10 Things Your Credit Union Should Know About Ransomware Response
November 2, 2021
The cybersecurity headlines last week were breathtaking — and not in a good way. A ransomware gang, appropriately calling itself “Grief” boasted that it had hacked the National Rifle Association. The Treasury Department says an affiliated group stole more than $100 million from financial institutions in recent years. The message is clear: credit unions should continue to do everything possible to prevent such attacks and must also have an incident response plan in case they occur.
“These cyber-attacks have no boundaries and are truly a global issue. Ransomware has grown in frequency and severity and extortion demands have risen significantly. A ransomware incident is one of the most disruptive and costly attacks your organization can suffer,” said Derek Laczniak, CIC, Director-Cyber Liability at M3 Insurance.
Laczniak, who leads the cyber liability strategic relationship with M3 and CUNA Mutual Group, adds, “There’s no foolproof way of preventing ransomware attacks from occurring; however, there are a number of things to know to help you be prepared.”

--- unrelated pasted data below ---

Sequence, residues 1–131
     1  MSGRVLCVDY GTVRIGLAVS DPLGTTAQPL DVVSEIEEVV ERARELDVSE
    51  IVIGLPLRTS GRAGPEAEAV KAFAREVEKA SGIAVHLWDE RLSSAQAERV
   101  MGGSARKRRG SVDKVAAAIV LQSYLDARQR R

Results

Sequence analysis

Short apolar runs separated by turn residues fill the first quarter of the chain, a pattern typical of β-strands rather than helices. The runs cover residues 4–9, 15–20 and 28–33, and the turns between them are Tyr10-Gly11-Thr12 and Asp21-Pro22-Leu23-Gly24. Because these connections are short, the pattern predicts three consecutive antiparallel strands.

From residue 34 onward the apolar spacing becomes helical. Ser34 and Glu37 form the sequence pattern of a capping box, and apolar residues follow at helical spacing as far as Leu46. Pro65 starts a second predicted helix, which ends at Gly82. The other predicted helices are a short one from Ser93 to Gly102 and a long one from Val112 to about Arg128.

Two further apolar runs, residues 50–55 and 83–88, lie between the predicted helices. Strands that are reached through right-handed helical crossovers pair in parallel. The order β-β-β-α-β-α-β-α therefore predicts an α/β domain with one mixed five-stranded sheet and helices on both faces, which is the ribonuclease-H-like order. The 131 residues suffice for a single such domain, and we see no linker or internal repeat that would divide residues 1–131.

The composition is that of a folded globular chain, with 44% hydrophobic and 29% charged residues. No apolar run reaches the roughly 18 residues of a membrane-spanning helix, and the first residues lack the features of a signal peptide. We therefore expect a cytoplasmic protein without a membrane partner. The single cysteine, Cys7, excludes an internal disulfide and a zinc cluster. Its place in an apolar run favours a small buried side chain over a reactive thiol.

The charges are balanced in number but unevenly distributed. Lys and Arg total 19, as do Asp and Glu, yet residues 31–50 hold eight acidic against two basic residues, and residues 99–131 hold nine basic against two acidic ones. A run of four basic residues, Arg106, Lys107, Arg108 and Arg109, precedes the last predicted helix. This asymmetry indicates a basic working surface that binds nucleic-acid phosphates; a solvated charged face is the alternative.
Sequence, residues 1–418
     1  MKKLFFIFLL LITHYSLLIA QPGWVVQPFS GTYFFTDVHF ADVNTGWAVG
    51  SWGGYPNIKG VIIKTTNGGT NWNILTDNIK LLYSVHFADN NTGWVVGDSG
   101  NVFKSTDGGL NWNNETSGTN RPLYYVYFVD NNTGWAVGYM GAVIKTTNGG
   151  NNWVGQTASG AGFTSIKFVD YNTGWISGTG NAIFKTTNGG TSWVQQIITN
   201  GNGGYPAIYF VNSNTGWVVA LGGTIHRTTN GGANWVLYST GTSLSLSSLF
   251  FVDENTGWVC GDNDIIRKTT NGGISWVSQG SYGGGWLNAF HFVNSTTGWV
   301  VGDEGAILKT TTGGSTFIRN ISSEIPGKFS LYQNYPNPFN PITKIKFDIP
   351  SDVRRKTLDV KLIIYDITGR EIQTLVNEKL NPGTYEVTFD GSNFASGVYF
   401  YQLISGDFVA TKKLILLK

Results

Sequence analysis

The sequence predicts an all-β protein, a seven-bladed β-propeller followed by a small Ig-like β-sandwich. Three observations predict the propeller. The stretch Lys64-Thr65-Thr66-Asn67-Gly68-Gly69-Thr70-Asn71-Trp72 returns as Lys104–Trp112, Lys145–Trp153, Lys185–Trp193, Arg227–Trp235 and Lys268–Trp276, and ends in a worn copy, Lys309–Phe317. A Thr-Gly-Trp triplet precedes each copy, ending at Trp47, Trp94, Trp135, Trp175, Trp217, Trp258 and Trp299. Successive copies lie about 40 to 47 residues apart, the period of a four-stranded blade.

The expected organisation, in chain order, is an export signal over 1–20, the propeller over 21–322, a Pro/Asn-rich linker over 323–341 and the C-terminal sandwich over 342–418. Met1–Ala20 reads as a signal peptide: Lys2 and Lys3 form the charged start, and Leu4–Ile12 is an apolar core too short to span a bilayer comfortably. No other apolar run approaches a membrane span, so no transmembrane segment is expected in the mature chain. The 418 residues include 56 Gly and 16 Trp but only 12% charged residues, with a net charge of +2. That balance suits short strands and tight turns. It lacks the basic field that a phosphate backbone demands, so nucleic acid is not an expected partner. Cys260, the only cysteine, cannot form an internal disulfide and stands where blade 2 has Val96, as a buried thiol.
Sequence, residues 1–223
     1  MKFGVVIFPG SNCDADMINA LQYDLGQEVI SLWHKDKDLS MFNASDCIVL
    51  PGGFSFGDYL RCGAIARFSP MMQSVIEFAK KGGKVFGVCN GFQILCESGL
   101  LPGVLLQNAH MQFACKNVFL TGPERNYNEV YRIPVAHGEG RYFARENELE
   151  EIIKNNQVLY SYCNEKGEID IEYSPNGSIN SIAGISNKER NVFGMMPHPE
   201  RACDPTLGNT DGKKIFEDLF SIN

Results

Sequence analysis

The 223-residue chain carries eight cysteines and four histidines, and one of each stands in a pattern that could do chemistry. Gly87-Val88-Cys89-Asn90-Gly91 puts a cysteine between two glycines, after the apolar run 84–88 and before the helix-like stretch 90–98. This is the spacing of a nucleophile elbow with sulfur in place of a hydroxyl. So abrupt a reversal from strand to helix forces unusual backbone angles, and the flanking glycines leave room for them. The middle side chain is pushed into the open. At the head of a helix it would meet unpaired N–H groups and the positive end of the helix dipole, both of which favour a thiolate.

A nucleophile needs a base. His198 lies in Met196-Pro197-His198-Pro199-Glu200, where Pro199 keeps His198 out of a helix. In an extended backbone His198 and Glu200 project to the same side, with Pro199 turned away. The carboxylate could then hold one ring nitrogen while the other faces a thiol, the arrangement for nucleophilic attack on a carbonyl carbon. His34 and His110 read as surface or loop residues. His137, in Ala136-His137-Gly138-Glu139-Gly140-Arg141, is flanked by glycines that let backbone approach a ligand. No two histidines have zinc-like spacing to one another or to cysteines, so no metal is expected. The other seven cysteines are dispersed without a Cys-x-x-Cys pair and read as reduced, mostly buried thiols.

CMG’s Ransomware Checklist includes these recommendations:
- Know who is on your response team. Are the appropriate individuals and stakeholders involved and ready?
- Have multiple forms of communication. Take uninfected systems offline to avoid the spread of an attack.
- Prepare to make decisions about voluntarily taking systems offline. Prioritize a list of critical systems ahead of time.
- Be prepared with an internal communications plan.
- Do not allow employees to reach out to the threat actor themselves. Negotiations with criminals require expertise and can change the dynamic of negotiations quickly.
- Expect to sign two critical documents in the first 24 hours. Your breach coach will need an engagement letter, and your forensic team will provide a statement of the work that includes both your firm and your coach’s firm, and the scope of work.
- You will not need to have your own cryptocurrency on hand.
- You will need underwriting approval to pay ransom.
- Know your backups and understand they may not always be the answers.
- Think about external communications. Who needs to be told, and when?
If you would like to discuss ransomware or cyber risks in more detail, reach out to the Strategic Link Team and they will arrange a meeting for you with CUNA Mutual Group’s Risk Consultant. Additionally, you can learn more about CUNA Mutual Group online.